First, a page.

I am not a formal Project Assistant (PA) or Teaching Assistant (TA) yet because I am not considered a full-time graduate student until this upcoming summer. This has not stopped me from attaining a research position with Prof. Reed Lei in the Political Science department. I really enjoy the international aspect of the research. Currently I am formulating datasets on ambassador visits both from and to the U.S. between 1980 and 2016, and it provides me plenty of time to improve Excel and R skills.


Recently I was offered and accepted the position of Joseph S. Nye, Jr. National Security Intern for the Middle East Security program with the Center for a New American Security, a DC think-tank that will involve defense and security policy analysis and research. The internship begins in February and runs until early August, so I hope to use my time to network with DC policy professionals and experts in my main field of interest. It is a wonderful opportunity to see where the bread is buttered, and I want to be as hands-on and helpful as humanly possible.

Primary internship responsibilities

I will be working on a team that aims to identify potential outcomes to the re-introduction of the Iran Nuclear Deal. The Biden Administration has expressed a willingness to re-enter discussions with the Raisi government, but many factors remain unknown. Should the US keep the terms and sunset clauses of provisions the same as the initial deal? Should the U.S. extend certain sunset clauses and add new provisions? What would such discussions look like if the Republicans gain back control of the US Congress in November? My team will be focused on addressing these possibilities in a succinct and non-partisan fashion.


I have reached out to La Follette School alumni Julius Svoboda and Anna Brunner about their roles at USAID and the GAO, respectively. I want to work in the federal government at some point in my life, and they gave me insights into the application process for these agencies as well as the tools and skills I should gain before attempting to secure a position.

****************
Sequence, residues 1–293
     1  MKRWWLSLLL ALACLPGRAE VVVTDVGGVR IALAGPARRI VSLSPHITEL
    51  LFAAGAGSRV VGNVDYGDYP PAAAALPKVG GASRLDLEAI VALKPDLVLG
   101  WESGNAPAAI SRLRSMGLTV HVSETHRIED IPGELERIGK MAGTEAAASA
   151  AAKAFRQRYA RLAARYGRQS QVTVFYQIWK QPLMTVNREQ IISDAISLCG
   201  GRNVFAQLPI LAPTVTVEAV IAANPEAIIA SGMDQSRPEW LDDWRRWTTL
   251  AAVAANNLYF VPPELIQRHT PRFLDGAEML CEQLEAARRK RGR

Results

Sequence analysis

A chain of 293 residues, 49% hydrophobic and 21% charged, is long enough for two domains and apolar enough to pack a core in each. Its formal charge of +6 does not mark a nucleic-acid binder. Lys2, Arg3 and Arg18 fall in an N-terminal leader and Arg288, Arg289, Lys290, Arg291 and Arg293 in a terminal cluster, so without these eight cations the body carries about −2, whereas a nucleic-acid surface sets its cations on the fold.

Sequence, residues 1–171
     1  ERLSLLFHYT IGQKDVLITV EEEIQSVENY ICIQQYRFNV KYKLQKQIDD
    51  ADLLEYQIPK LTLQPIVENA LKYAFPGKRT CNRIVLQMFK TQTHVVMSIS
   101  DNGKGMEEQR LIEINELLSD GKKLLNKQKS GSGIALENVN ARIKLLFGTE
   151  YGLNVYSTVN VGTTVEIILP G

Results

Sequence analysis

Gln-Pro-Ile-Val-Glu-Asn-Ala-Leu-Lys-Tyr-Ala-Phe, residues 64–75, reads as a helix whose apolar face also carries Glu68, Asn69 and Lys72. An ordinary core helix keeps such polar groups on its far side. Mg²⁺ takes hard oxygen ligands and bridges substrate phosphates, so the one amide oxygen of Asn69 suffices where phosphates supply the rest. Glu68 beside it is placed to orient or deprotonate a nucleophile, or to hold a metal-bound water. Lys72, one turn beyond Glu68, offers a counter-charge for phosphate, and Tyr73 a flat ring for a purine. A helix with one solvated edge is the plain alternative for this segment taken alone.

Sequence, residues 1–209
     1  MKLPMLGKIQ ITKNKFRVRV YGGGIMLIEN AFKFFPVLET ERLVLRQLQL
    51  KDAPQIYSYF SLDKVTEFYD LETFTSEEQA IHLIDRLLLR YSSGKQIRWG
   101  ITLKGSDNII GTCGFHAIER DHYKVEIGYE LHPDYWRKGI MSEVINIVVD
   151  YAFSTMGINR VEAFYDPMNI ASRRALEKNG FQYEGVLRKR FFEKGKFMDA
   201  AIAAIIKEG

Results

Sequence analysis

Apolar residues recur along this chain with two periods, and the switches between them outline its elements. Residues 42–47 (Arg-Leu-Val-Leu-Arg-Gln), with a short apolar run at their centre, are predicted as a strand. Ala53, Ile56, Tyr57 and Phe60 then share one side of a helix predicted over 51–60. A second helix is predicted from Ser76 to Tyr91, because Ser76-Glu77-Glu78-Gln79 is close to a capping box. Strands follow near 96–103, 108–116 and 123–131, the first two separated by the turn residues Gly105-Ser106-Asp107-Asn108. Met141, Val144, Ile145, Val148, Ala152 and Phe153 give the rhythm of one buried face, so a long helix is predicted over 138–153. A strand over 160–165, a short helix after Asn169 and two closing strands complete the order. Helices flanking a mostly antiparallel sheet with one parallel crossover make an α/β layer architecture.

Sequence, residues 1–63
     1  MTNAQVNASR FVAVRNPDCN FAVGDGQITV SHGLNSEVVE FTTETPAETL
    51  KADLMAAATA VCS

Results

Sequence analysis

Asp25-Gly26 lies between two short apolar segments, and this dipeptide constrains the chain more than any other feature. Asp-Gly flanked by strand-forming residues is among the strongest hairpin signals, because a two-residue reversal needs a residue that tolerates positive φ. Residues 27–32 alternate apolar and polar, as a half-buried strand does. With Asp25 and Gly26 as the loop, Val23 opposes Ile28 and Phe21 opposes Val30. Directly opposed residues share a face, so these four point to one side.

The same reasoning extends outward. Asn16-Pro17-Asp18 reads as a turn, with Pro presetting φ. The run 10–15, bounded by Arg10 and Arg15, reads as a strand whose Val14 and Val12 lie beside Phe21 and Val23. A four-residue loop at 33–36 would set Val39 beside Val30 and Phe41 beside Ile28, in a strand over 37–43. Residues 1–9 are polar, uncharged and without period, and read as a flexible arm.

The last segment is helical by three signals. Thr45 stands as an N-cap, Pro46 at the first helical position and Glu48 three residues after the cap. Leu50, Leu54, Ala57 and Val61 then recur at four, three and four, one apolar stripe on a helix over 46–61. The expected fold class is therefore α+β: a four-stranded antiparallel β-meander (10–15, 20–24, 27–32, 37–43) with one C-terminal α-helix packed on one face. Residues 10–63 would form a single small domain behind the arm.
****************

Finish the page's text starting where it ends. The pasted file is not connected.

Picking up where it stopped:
Advice for prospective La Follette School students?

Challenge yourself. Take classes that you think you might be challenged, because showing a growth mindset and constantly aiming to expand what you know is going to get you far in life. Before getting the CNAS internship, I was taking a database management course in SQL. While I’ve had to drop it to make room for my DC position, I plan on taking it again next year as an elective so that I can learn something new and valuable to both the public and private sector.

Most challenging La Follette School experience?

Managing my time. Having to split an undergraduate schedule with graduate work quickly makes one realize how much more effort and focus should be given to graduate studies. Expectations and demands are significantly higher, and I appreciate that because hand-holding is not done in professional settings.

How has the La Follette School changed the way you think about public policy?

I just enjoy how La Follette makes the concept of achieving policy change realistic. I hold onto some pretty nihilistic tendencies about national politics and where the U.S. is going on a federal level, but I have learned to appreciate the ability and influence that smaller spheres of government have on people’s lives. Hysteria and propaganda is constant in today’s political arena, but I get to avoid that in my studies and concentrate instead on what responses or policies are reasonable for given situations. There is a difference between politics and policy, and I have come to appreciate that distinction.

Anything else?

My favorite book is 1984. I am a massive Denis Villeneuve fan, and Prisoners, Blade Runner 2049, Arrival, and Dune are all some of my favorite movies. I think Succession is the best current TV show, and I love watching and supporting the Packers, Bucks, and Brewers.